Victor Campbell , of Hood Street Gateshead, born 1880, >died 1917, aged 37. Kings Liverpool Regiment. Ronnie Campbell MP of Blyth, his Grandson, tells his story: "My grandad Victor Campbell was born 1880 in Hood Street Gateshead. Victor worked, as a Draper before he was conscripted into the Kings Liverpool Regiment in Ashington.

He died on 16 August 1917 at Flanders Belgium WW1.

My understanding my Granddad was a stretcher-bearer on the battlefield. As a family, we cannot find out where, he is buried we are told he is probably in a mass grave but he could be one of many that are missing. Victor is remembered in the Tyne Cot Memorial and on the memorial at Ashington. I contacted the War Graves Commission Victor could be in one of the many unmarked graves however, I am still trying to establish this.

Alma Grant nee McNay, of >Bearpark, born 1881. Michael Charlton, pictured far right, of Framwellgate Moor, her great nephew, tells her story: "Alma, pictured left, was a nurse at Durham County Hospital. She applied to work in France and served for several years in hospitals in France. She nursed a wounded Scottish soldier called Jack Grant, pictured right, and they fell in love. Alma and jack married during the war and lived in Fishburn for the rest of their lives. They never had any children. Photographs are dated Alma McNay 1915, Jack Grant 1915, and myself 2005 Basra."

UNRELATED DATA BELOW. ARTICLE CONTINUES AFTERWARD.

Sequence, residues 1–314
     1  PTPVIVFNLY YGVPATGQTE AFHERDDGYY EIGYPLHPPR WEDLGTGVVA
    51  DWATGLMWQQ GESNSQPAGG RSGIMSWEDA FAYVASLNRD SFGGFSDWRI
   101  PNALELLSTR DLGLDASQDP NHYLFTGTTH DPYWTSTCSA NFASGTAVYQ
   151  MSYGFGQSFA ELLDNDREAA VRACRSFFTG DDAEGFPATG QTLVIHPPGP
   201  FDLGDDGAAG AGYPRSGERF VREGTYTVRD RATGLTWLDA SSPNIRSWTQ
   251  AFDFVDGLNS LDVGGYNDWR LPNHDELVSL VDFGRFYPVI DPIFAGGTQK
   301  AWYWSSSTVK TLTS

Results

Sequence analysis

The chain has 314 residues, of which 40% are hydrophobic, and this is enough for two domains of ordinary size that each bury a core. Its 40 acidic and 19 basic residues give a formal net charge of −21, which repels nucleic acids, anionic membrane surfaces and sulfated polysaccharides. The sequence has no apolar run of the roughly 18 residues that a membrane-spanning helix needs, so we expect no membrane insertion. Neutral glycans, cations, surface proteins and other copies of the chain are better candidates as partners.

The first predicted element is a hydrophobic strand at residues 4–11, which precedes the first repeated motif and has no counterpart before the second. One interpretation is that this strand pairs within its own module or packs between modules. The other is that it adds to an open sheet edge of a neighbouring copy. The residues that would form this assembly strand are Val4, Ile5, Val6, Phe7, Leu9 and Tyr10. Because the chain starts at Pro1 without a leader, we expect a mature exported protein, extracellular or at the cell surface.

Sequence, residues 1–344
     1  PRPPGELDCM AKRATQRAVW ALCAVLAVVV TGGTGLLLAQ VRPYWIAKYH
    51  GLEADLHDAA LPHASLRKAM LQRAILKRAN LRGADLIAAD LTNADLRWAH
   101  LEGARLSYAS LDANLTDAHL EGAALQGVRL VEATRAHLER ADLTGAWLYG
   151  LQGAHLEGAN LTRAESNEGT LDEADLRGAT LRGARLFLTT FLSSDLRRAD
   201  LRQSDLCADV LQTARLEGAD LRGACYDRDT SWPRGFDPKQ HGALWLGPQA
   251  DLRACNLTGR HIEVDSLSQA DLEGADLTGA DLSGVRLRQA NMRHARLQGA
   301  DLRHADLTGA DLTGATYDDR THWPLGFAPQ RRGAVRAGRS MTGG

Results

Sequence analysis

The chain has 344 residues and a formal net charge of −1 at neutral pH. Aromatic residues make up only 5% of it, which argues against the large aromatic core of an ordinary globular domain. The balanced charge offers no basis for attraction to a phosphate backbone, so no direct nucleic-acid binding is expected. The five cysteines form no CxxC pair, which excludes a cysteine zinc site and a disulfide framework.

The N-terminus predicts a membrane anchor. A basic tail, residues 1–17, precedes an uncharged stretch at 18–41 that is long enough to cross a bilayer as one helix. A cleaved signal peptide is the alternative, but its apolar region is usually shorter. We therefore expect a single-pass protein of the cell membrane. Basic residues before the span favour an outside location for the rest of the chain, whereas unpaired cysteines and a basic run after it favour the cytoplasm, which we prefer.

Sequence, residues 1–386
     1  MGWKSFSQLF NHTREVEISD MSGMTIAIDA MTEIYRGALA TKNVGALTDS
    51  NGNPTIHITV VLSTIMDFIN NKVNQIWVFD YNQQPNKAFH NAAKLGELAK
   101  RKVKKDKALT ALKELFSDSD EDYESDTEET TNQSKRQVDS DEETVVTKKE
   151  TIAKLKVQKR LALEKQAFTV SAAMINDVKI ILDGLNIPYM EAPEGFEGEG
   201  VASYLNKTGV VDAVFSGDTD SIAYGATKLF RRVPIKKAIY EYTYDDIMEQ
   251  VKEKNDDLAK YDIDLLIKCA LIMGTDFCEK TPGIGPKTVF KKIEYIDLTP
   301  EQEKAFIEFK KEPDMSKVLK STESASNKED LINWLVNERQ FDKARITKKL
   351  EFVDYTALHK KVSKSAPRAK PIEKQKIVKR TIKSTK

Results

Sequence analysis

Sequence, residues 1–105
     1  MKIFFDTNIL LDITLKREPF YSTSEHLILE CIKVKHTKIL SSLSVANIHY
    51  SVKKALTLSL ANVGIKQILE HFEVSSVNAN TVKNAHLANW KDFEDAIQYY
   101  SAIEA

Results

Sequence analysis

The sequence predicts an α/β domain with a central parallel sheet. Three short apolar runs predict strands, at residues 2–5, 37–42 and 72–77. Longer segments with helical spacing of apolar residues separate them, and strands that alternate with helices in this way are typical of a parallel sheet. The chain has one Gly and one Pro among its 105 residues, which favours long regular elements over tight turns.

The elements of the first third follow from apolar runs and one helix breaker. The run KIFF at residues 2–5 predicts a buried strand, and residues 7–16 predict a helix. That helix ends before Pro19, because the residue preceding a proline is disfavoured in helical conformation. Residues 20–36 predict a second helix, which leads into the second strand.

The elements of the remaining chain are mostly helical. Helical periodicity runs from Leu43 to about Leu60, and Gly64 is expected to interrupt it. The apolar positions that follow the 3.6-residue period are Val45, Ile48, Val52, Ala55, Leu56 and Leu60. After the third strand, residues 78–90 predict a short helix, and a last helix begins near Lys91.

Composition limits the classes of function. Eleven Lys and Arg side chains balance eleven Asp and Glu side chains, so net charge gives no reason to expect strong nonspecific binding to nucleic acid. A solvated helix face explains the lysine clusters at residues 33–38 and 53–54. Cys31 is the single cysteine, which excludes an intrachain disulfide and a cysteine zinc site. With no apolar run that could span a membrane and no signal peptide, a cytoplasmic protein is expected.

James Andrew Smithson, of >Benwell, Newcastle, born 1895, died 1969, aged 74. Private 3438 machine gun corps. Lisa Smithson of Ryton, Tyne and Wear, his granddaughter, tells his story: "My grandad died when I was two years old, but I have always been fascinated with his life and his part in World War One. He was in the West Yorkshire Regiment and then the Machine Gun Corps. He was awarded the Military Medal for bravery, which was published in the London Gazette on 2nd April 1918. Our family were told that he left his trench under enemy fire, and crossed into no man's land to rescue an injured soldier. We know there was a citation presented to him on his return but nobody knows what happened to it. My further research showed he fought in the Somme, Arras and Ypres - battles which saw some of the worst fighting. He was injured in a mustard gas attack and sent home to recuperate, then returned to the front, before being honourably discharged in 1918. He kept a tiny piece of wood in the dresser at home which came from Mametz wood in the Somme. On a recent holiday to northern France I visited Mametz, so I could stand in the place where he had fought. Im very proud to be his grandaughter." James Andrew Smithson, inset left, his discharge certificate, left, and above with his parents and siblings.
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Publication:The Journal (Newcastle, England)
Geographic Code:4EUFR
Date:Mar 1, 2014
Words:1105